How x-ray diffraction with synchrotron radiation got started
The need to record low angle scattering x-ray fibre diagrams from muscle with milli-second time resolution drove the use of synchrotron radiation as an x-ray light source. The first smudgy diffraction patterns were obtained from a slice of insect flight muscle. Out of this grew the EMBL Outstation at DESY.
Diffraction from insect flight muscle
Using this beam line, the Heidelberg group (in collaboration with Richard Tregear from Oxford) studied the diffraction from insect flight muscle. The excellent collimation led to detailed fibre diffraction pictures which yielded new structural information (Holmes et al ., 1980). Time resolved experiments were set up with oscillating insect flight muscle. The muscles were attached to a vibrator and oscillated at 5 Herz at which frequency they generate considerable work if provided with ATP. At low amplitudes of oscillation it was expected that the cross bridges might be partially synchronized so that one should be able to record diffraction patterns from various parts of the cross-bridge cycle. The diffraction was recorded, a layer line at a time, on a position sensitive detector and the output switched into one of 32 bins in synchrony with the oscillation. Data with usable statistics could be obtained from the equator in about 15mins. However, on account of the available intensity, the measurements remained confined to the strong equatorial reflexions (Barrington Leigh & Rosenbaum, 1976). Unfortunately, these reflexions alter little between resting and contracting insect flight muscle and, therefore, are not very useful for monitoring the cross-bridge swing. We were not observing the cross bridges in flagranti . The insect flight muscle experiments needed a storage ring!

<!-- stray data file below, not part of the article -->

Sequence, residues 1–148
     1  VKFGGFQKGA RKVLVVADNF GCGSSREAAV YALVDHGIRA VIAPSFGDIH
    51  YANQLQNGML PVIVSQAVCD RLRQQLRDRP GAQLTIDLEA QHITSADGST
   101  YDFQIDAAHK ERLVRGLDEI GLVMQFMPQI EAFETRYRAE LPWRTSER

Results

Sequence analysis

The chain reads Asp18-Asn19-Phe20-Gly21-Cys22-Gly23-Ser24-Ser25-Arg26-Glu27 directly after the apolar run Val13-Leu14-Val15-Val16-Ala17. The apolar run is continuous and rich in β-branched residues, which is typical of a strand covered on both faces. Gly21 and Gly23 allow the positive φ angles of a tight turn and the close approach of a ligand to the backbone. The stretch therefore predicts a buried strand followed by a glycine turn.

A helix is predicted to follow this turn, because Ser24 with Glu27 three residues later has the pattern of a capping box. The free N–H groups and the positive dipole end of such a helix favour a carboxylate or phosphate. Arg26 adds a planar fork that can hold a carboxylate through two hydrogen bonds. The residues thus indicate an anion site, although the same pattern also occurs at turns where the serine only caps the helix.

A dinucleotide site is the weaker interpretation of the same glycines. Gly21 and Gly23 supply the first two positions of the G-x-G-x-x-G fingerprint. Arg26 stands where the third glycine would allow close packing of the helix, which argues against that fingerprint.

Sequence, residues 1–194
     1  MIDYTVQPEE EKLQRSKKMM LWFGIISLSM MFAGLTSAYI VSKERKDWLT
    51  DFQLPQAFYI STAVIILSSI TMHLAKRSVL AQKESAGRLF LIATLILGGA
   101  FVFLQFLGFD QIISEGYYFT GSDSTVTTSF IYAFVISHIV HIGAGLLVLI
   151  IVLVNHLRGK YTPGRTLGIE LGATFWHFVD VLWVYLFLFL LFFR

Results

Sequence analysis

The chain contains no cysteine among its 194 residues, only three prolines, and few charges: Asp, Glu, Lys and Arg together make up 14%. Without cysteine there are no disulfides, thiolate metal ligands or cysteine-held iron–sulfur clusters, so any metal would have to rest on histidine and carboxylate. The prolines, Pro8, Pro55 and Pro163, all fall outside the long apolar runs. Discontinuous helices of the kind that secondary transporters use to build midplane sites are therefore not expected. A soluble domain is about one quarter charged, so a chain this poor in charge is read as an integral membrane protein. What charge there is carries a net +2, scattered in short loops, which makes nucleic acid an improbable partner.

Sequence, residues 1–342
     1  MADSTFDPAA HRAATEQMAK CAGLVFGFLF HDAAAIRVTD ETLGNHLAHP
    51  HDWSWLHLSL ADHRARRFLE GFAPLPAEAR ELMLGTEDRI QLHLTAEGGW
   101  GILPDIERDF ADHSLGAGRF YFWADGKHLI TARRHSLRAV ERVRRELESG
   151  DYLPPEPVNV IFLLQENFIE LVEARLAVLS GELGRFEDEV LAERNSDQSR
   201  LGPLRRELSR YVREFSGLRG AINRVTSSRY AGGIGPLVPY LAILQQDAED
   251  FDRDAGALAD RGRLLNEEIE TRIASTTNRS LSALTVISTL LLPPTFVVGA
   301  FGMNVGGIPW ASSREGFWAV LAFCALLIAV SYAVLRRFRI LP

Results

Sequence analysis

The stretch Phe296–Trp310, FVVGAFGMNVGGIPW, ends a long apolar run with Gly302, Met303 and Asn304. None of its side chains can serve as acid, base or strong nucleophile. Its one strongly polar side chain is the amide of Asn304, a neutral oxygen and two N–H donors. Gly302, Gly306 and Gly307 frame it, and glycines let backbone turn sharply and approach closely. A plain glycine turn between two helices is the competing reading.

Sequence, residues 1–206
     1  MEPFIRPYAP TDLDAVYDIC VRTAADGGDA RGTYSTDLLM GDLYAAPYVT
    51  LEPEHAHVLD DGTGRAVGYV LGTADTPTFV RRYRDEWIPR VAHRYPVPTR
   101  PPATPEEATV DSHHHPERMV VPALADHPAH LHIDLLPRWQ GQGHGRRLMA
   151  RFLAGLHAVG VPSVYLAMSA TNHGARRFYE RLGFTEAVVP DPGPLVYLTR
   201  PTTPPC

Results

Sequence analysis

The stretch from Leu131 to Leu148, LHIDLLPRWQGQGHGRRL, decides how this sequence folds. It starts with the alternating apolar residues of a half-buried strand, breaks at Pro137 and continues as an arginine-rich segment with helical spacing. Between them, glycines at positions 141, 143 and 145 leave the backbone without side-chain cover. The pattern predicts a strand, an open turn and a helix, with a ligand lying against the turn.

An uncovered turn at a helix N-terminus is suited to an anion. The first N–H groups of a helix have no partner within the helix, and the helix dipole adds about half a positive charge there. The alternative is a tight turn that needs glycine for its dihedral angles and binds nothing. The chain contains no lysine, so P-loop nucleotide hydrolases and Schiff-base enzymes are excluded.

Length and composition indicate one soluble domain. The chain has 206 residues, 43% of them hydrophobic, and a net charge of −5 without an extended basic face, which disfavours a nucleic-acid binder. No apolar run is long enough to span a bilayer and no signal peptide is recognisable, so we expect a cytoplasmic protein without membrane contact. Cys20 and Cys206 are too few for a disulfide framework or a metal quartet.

Since the intensity was not adequate to allow a time resolved study of the meridional reflexions (which do alter with cross bridge orientation) attempts were made to "freeze" the cross-bridges in alternative conformations by the use of non-hydrolysable analogs of ATP (Goody et al ., 1976). Quite large changes in the diffraction pattern were induced by certain analogs. However, a large part of the changes resulted from alterations in the pattern of binding of the cross bridges to actin, rather than in an underlying change in the cross-bridge orientation (Goody et al ., 1975).
The group shared experiences with Hugh Huxley and Uli Arndt in Cambridge who were setting up a similar beam line at NINA for experiments on frog muscle.